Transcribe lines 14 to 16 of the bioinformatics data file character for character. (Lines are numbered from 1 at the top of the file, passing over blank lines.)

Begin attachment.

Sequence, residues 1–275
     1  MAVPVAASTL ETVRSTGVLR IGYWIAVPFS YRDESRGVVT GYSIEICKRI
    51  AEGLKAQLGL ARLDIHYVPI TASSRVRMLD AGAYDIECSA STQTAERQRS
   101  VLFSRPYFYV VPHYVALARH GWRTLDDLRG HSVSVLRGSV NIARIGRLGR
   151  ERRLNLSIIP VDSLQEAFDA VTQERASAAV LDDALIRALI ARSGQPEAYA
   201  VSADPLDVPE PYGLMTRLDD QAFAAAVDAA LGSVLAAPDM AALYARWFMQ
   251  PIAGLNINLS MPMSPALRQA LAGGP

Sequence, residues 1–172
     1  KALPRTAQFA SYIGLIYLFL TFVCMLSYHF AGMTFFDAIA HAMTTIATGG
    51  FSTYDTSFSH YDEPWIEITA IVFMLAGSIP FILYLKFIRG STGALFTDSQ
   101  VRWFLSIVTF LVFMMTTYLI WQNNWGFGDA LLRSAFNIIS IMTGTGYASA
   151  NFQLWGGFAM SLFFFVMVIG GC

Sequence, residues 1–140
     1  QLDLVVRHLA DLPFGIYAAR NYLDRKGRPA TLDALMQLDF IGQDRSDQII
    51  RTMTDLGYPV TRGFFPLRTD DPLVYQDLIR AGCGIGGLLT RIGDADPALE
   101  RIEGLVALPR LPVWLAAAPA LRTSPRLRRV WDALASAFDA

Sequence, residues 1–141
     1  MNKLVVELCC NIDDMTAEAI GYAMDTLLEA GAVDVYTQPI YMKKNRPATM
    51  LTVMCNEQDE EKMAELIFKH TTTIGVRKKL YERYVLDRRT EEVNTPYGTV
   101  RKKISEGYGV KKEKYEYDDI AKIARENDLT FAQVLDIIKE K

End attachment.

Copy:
     1  QLDLVVRHLA DLPFGIYAAR NYLDRKGRPA TLDALMQLDF IGQDRSDQII
    51  RTMTDLGYPV TRGFFPLRTD DPLVYQDLIR AGCGIGGLLT RIGDADPALE
   101  RIEGLVALPR LPVWLAAAPA LRTSPRLRRV WDALASAFDA